The answer MVRDV came up with was fritted glass. Artist Frank van der Salm photographed the surviving traditional farm buildings in the region, and from his photographs a theoretical representation of the average or ideal farm building was composed. By fritting the glass, the image of the farm building was effectively printed onto it.
Being glass, the building lets in and out a certain amount of light. Cleverly, the translucence of the glass can be altered where desired so that certain parts of the building’s facade can behave more like conventional windows where extra light or a clear view out are beneficial. And because the building is glass, when lit up at night, the whole farm building appears to glow. Whether viewing from inside during the day or from outside at night, the effect is conceived to be reminiscent of stained glass.
Delightful, inventive, and it carries the village past into the town present.
Pearl Harbor survivor Stan Swartz bows his head after the national anthem at the 71st anniversary of the attack on Pearl Harbor at the WW II Valor in the Pacific National Monument in Honolulu, Hawaii December 7, 2012.
Let us remember absent friends.
I remember my dearest friend – gone, now, a number of years – who was the most decorated soldier from our home state in World War 2.
Returning home, he had sixteen months or so in hospital to reflect on war. And when both political parties asked him to run for office after he got back on his feet – he told them he only required one plank in his platform. Corporations would be limited to no profits from their support of any war.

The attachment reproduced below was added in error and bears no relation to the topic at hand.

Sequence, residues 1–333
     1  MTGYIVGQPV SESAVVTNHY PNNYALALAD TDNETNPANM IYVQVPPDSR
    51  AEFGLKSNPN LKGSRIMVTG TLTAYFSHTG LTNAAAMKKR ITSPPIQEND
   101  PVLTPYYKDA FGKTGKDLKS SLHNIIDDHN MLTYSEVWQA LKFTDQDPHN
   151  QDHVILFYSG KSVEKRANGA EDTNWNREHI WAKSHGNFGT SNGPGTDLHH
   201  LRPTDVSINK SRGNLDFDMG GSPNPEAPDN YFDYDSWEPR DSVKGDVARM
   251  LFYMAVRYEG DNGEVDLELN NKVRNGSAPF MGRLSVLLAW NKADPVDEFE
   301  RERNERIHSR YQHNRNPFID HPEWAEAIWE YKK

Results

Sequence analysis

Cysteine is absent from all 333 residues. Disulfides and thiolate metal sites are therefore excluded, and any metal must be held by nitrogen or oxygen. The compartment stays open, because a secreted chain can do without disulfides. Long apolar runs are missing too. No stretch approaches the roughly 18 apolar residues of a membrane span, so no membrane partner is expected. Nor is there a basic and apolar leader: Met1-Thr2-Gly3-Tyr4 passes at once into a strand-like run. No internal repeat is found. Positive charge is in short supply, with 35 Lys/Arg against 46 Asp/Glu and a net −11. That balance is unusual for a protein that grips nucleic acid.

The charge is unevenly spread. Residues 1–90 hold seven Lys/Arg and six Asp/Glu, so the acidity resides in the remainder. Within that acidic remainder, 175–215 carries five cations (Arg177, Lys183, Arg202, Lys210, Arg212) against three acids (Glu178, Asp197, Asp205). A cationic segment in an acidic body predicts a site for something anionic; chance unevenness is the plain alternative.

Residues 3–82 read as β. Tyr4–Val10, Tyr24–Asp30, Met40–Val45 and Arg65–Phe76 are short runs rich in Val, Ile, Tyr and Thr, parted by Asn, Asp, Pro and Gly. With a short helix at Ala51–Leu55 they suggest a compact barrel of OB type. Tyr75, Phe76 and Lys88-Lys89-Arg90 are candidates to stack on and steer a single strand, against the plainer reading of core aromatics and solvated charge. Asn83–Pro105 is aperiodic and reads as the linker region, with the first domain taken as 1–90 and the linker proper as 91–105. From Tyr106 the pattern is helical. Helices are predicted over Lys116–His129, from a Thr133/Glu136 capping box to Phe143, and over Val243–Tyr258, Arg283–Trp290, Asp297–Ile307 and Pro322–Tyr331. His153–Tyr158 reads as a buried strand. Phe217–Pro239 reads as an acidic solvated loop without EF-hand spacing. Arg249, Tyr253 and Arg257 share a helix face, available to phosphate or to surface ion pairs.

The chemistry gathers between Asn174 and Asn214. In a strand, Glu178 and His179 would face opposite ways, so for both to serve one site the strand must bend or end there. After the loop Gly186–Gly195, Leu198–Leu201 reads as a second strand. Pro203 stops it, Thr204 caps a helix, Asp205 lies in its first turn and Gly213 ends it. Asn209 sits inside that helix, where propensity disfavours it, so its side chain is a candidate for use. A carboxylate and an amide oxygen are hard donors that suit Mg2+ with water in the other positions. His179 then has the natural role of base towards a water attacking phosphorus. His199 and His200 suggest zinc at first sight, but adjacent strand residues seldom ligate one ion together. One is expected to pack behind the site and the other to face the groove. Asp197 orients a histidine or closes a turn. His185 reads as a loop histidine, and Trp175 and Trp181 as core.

They withdrew the request.
A holiday beach was cordoned off after a landslip sent more than 1,000 deadly bombs and rockets embedded in the cliffs for more 60 years tumbling onto the sands.
The East Riding beach of Mappleton, near Hornsea, was used as a practice bombing range during the Second World War – but the bad weather has led to ground movement which exposed one of the biggest arsenals ever uncovered yesterday…
Coastguards say the odd item of explosives often turn up in dribs and drabs after being embedded in the cliffs for decades in the area.
But over the weekend, a landslip caused by the combination of heavy rain and coastal erosion exposed at least 1,000 weapons.
Coastguards say that most of them are probably dummy or practice rounds – but they still contain enough explosive to cause terrible injuries…
Army experts are hoping to remove some of the smaller items but some will have to be blown up on site in controlled explosions, Humber Coastguard said…
“Because there is such a great number of them what we do not want is people wandering around picking up the odd trophy to put on the mantel piece.
I wonder where I put the practice hand grenade I’ve been carrying around from place to place for 50 years or so? :)
This video is about the tale of one of the best remembered slogans of the war. To many, “the war” means only one war. World War 2.
Click on this link and it will take you to a newly released series of posters from the war. Some of us remember it all. Including those who didn’t come back – and some of our closest friends and relatives who did return, grievously wounded in the war against fascism.